The novel can still inspire

Sean McPartlin

hy become an English teacher? It's difficult to formulate a simple answer, but the recent death of John McGahern reminded me. A Booker Prize nominee not widely known, a writer whose work was rooted in the Irish countryside and a novelist who wrote gripping tales in which little appeared to happen; McGahern was an enigma.

A first novel was banned by the 1960s Irish censor, and divorce and a civil marriage meant ejection by the Church from his primary teaching post. He ended up working in England before launching his writing career.

His work is based in the homes and lanes of Leitrim in western Ireland, and his own childhood, where the death of his schoolteacher mother, when he was nine, and the emotional and physical violence of his father, formed much of his later approach to the business of living.

Leitrim is Ireland's most depeopled county where the boggy land is allegedly sold by the gallon and every family would have emigrants.

McGahern only relaxed into his celebrity latterly, living quietly on a smallholding, eager for gossip in the local pub and at the Mart, walking the lanes he had walked with his beloved mother and making poetic prose out of the rhythm of local life.

When asked how he met his new fame after his Booker Prize nomination, McGahern replied: "Well now, maybe we are all famous in Leitrim, there are so few of us."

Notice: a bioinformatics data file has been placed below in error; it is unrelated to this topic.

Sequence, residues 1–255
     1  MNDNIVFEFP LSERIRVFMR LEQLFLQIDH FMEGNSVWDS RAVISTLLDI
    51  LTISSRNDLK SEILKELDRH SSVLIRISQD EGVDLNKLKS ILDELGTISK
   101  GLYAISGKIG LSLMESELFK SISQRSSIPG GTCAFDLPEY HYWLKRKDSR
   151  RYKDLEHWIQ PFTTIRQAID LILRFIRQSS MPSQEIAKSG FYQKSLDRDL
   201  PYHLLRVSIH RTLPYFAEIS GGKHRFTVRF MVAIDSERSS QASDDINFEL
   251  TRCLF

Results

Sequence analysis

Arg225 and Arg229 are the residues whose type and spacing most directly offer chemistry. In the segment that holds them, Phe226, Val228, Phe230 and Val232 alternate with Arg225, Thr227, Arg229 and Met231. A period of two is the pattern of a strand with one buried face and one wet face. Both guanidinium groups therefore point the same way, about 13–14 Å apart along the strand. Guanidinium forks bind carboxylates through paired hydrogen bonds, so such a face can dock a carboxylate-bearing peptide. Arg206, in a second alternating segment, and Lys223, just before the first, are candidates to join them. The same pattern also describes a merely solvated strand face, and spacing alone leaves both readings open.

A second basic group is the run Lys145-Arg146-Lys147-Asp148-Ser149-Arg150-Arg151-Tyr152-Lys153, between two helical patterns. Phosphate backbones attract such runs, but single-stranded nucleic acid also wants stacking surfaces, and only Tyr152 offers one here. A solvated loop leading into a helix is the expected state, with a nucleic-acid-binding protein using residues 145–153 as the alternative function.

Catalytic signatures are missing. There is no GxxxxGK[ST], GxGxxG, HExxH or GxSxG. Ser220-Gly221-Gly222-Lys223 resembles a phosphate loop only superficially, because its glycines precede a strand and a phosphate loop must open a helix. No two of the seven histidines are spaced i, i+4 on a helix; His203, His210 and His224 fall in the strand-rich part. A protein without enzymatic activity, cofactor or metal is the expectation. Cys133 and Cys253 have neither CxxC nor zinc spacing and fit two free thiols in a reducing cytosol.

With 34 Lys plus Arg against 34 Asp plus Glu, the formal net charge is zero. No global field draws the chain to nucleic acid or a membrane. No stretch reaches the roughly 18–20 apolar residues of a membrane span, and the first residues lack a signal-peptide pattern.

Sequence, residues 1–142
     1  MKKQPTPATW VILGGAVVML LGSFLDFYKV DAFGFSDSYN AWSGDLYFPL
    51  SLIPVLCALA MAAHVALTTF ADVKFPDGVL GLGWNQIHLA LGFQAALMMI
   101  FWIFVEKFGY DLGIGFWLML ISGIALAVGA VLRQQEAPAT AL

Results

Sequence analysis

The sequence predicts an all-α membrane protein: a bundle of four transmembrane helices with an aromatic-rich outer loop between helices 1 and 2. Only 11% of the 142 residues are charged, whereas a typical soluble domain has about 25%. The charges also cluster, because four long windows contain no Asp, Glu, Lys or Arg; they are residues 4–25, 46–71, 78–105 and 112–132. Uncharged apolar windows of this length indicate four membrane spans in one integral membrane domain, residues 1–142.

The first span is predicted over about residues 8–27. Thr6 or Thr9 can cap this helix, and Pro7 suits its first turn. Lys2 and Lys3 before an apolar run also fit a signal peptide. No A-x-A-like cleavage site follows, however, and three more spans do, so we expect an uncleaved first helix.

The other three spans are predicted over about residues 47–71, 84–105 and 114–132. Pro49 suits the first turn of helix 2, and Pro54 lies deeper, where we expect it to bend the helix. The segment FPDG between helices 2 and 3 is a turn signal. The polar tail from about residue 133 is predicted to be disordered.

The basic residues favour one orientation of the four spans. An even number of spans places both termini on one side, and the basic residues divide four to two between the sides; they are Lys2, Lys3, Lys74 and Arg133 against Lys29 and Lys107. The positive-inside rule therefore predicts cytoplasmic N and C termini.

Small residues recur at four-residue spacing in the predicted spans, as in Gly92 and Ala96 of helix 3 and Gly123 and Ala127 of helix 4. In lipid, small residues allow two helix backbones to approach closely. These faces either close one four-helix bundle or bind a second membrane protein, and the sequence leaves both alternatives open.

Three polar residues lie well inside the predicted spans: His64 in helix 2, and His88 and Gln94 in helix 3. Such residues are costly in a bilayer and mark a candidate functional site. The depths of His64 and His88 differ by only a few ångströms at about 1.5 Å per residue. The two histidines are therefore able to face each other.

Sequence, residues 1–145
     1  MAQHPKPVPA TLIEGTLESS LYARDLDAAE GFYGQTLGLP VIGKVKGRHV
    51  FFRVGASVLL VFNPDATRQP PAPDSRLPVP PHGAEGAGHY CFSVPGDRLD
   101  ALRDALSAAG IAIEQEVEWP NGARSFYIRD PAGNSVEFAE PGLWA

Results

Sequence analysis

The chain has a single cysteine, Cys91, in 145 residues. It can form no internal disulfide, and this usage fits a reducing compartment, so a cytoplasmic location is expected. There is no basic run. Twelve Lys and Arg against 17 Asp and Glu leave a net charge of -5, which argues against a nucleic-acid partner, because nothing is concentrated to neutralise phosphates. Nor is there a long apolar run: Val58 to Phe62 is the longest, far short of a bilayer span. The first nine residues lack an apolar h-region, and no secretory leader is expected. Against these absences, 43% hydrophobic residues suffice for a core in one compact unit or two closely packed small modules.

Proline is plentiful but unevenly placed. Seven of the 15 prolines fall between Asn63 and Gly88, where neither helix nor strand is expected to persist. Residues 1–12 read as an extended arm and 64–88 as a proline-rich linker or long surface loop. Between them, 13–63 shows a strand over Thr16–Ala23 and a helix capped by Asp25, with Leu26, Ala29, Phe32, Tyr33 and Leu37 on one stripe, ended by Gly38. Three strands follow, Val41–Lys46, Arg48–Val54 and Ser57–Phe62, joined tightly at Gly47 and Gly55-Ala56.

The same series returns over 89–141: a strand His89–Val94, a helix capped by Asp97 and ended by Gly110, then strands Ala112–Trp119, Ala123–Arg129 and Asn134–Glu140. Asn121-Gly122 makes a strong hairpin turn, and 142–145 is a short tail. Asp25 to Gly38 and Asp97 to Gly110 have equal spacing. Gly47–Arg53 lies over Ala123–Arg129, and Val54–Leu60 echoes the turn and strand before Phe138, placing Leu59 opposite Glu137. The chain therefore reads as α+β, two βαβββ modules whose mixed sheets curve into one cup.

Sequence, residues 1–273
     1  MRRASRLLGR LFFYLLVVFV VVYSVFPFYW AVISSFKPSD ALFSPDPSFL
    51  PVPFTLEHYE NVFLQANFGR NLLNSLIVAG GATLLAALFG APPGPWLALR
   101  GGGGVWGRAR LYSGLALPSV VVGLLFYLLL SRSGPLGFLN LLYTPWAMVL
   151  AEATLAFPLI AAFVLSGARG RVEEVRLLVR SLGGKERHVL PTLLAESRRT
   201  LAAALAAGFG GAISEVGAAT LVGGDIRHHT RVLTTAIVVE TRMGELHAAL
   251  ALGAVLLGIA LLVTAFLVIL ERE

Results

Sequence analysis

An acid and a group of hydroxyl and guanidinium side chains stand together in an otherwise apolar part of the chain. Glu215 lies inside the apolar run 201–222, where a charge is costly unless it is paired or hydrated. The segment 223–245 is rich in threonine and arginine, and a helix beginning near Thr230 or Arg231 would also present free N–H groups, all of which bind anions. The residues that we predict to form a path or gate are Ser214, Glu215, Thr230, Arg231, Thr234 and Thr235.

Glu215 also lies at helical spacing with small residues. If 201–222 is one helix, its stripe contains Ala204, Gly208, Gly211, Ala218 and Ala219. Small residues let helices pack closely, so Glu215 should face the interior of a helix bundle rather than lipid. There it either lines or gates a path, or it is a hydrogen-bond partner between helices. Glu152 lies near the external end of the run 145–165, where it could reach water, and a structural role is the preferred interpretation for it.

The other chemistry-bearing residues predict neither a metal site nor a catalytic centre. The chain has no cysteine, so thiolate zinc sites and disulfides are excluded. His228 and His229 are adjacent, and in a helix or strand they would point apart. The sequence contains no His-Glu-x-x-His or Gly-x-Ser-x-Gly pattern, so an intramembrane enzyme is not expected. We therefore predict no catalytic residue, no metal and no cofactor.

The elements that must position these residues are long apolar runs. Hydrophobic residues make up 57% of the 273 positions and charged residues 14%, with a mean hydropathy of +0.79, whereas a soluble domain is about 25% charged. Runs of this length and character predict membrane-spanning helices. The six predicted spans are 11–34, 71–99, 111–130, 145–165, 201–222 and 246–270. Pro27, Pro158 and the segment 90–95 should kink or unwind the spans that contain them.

His last novel, That they may face the rising sun, depicts the community around Lough Allan, and a couple returned from England to their home place.

Neighbours share farm duties, and forever enquire: "Is there any news?" The words describe the routines of everyday life and the comfort they bring, finding beauty in detail and solace in the familiar.

But McGahern writes of no country idyll. His last work, Memoir, tells the story of his upbringing where the gentleness of his mother is counterpoint to that emotionally bullying father and a hard rural routine which seems to stretch back to pagan times. Seldom has there been a better depiction of the desolation of bereavement than that of McGahern's in the wake of the premature loss of his mother.

When asked about emigration, McGahern replied: "The pity is that, for those who went, the place they had left remained more real than the place where they had come to live."

For this child of Leitrim, McGahern's words gave reality and understanding of origins that surpassed description or storytelling. It is the power of the writer to create time, place and person that is endlessly fascinating.

And that is why I became an English teacher.

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Sean McPartlin

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